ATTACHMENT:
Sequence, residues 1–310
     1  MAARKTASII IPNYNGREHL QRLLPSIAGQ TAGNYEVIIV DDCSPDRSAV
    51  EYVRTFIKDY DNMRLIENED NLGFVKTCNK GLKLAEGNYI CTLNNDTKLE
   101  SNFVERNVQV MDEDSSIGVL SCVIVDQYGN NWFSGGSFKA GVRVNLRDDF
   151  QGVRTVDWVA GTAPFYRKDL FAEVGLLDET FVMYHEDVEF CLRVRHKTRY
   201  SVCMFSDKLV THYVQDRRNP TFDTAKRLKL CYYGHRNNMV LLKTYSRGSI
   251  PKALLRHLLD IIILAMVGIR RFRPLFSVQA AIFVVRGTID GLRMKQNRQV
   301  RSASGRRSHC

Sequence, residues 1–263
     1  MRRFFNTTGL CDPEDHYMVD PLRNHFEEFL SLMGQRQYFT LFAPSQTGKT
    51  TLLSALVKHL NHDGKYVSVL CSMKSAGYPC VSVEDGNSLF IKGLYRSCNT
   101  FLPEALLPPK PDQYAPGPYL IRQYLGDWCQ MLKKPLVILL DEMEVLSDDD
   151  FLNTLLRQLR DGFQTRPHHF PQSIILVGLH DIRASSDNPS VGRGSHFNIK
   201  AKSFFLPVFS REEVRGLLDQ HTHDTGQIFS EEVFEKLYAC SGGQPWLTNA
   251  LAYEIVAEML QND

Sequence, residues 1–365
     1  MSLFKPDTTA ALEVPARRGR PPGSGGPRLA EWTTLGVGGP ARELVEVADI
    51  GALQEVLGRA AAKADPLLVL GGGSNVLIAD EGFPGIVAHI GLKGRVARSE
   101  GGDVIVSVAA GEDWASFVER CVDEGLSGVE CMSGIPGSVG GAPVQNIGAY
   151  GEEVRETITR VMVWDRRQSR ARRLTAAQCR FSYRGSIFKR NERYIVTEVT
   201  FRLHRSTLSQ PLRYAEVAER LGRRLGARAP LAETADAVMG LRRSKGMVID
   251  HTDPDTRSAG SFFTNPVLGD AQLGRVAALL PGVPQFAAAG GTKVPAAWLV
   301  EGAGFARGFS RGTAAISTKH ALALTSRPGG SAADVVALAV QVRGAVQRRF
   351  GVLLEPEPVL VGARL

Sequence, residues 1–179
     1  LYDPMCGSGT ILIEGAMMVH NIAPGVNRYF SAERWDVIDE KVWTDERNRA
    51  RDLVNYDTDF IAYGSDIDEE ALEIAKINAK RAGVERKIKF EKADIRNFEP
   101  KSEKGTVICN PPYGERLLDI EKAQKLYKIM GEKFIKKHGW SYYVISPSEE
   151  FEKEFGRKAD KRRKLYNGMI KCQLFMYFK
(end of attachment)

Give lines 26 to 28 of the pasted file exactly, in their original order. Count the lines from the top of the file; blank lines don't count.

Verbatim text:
     1  LYDPMCGSGT ILIEGAMMVH NIAPGVNRYF SAERWDVIDE KVWTDERNRA
    51  RDLVNYDTDF IAYGSDIDEE ALEIAKINAK RAGVERKIKF EKADIRNFEP
   101  KSEKGTVICN PPYGERLLDI EKAQKLYKIM GEKFIKKHGW SYYVISPSEE